Artificial intelligence-generated deepfakes are currently making headlines because of their ability to create uncanny videos and audio clips of celebrities. From Tom Hanks promoting a dental plan to Pope Francis donning a stylish puffer jacket and Sen. Rand Paul sitting on the Capitol steps in a red bathrobe, deepfakes have become a popular trend. However, with the upcoming US presidential election, the rise of AI-generated political ads has raised concerns. To address these concerns, Google has announced that it will introduce new labels for deceptive AI-generated political advertisements that mimic a candidate’s voice or actions. Now, Sens. Amy Klobuchar and Rep. Yvette Clarke, both Democrats, are urging Meta and X (formerly Twitter) to address these issues and explain the rules they are implementing to protect free and fair elections.
According to Klobuchar, “They are two of the largest platforms and voters deserve to know what guardrails are being put in place.” She adds, “We are simply asking them, ‘Can’t you do this? Why aren’t you doing this?’ It’s clearly technologically possible.” The letter from Klobuchar and Clarke warns that the lack of transparency regarding AI-generated political ads could result in a dangerous influx of election-related misinformation and disinformation on their platforms, which are often used by voters to learn about candidates and issues. Clarke’s House bill, introduced earlier this year, aims to amend federal election laws to require disclaimers for election ads containing AI-generated images or video.
Klobuchar emphasizes that this is the minimum requirement and hopes that her companion legislation in the Senate will be passed before the end of the year. Meanwhile, the expectation is that big tech platforms will take appropriate measures voluntarily. Google has already announced that starting in mid-November, it will require a clear disclaimer on any AI-generated election ads that modify people or events on YouTube and other Google products. This policy will apply not only in the US but also in other countries where Google verifies election ads. While Facebook and Instagram parent company Meta does not have a specific rule for AI-generated political ads, it does have a policy against using “faked, manipulated, or transformed” audio and imagery for spreading misinformation.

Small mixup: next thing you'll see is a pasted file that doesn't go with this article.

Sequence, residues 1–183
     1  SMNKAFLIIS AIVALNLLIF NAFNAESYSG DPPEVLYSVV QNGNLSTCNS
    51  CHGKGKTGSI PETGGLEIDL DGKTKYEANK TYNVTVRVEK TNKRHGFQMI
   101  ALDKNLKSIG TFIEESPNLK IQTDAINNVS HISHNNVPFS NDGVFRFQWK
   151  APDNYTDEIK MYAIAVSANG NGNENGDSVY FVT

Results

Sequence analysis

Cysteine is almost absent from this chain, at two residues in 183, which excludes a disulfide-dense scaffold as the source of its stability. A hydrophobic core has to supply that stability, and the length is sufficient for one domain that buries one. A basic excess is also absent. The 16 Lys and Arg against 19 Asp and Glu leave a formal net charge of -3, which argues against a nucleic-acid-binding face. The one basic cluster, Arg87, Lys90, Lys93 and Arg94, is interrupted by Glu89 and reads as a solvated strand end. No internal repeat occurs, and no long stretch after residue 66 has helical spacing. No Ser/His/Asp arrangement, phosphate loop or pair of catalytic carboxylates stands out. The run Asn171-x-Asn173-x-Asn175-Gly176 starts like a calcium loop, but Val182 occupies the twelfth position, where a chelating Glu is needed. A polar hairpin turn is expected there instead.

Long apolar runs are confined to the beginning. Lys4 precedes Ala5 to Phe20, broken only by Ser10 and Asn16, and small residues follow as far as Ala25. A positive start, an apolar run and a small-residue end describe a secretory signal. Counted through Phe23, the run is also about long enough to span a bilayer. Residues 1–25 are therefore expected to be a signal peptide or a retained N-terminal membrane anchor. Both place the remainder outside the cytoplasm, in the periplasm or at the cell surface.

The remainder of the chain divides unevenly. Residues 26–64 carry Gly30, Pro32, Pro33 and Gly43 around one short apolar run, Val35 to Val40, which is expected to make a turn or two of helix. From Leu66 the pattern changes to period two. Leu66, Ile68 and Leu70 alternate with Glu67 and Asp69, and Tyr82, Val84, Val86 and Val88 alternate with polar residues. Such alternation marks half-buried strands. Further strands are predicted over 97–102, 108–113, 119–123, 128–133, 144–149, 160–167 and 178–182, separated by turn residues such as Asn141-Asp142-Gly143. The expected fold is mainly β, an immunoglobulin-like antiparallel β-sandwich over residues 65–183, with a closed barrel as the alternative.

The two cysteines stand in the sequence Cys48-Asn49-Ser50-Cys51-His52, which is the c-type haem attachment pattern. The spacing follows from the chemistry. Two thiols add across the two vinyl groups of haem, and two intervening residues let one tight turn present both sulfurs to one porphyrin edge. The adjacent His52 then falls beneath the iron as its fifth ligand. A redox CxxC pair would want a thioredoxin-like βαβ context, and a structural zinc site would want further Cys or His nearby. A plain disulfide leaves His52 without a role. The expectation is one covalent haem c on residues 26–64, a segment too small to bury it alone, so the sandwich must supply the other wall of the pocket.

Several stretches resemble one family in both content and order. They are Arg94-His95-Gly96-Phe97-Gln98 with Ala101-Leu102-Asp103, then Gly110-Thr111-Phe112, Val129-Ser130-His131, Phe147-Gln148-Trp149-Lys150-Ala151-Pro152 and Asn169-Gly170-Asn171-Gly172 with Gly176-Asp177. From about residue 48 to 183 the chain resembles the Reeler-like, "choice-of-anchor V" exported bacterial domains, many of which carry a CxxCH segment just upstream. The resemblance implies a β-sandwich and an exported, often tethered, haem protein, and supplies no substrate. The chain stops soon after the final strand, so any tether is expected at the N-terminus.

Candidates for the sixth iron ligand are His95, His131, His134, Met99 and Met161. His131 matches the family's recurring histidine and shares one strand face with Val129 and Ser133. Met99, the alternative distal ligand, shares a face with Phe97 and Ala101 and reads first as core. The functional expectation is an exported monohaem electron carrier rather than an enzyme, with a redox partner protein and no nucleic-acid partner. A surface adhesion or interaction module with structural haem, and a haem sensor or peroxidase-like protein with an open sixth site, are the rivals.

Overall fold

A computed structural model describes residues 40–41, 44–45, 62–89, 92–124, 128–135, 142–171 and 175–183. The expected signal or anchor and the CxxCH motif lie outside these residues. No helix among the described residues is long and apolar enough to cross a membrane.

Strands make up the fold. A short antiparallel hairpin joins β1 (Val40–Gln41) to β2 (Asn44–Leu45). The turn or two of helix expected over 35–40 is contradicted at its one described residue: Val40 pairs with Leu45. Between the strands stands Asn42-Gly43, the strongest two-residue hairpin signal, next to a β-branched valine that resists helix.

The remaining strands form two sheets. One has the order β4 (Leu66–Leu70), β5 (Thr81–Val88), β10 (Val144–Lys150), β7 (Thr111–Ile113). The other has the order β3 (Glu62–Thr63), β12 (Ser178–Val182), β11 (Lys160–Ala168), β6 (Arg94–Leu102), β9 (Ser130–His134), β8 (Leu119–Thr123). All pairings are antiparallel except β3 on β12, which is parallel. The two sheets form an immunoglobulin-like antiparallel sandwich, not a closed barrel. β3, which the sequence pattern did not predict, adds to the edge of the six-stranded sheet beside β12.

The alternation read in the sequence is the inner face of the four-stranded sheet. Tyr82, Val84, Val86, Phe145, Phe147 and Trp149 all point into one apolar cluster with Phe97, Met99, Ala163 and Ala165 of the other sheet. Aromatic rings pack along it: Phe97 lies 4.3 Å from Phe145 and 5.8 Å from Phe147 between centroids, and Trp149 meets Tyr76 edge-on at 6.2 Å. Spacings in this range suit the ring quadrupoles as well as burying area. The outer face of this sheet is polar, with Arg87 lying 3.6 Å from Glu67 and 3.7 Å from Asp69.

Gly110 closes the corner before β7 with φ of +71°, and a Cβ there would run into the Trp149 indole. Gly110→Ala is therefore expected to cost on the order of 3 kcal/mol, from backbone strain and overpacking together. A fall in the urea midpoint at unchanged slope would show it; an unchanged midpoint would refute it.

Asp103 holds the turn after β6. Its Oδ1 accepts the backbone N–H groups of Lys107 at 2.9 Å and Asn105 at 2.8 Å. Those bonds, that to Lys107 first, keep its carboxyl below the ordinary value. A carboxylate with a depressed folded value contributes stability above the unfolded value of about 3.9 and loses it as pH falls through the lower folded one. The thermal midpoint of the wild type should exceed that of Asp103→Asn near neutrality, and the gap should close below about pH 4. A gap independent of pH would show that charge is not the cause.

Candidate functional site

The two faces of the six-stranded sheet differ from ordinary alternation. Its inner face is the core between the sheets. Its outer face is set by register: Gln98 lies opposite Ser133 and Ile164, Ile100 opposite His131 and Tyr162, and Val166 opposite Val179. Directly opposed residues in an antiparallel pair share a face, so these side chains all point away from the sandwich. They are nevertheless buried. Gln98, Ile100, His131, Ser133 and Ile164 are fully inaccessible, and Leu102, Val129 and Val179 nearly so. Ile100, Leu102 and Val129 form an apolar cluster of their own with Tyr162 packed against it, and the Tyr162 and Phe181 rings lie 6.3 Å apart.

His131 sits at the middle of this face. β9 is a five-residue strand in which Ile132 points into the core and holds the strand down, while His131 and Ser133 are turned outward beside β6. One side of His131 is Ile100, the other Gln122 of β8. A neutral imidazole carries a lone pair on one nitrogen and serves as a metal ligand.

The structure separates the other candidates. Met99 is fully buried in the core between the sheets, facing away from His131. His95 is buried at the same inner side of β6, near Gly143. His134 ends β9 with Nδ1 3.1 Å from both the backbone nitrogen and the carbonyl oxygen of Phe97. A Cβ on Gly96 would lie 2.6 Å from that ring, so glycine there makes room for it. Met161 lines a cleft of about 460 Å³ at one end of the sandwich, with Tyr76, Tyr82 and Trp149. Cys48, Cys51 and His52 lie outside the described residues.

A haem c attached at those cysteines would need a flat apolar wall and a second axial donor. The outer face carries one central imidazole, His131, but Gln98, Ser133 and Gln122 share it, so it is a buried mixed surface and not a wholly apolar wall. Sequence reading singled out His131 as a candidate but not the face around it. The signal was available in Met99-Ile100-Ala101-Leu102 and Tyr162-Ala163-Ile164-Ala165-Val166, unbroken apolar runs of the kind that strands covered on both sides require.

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A recent bipartisan Senate bill, co-sponsored by Klobuchar, Republican Sen. Josh Hawley, and others, aims to ban “materially deceptive” deepfakes related to federal candidates, with exceptions for parody and satire. Klobuchar cites examples of fake videos, such as a post-apocalyptic Biden era, former President Trump embracing Anthony Fauci, and Sen. Elizabeth Warren proposing restrictions on Republican voting, which would likely be banned under the proposed rules. Klobuchar expresses concern about the potential for misleading voters during a presidential race, saying, “How are you ever going to know the difference?”
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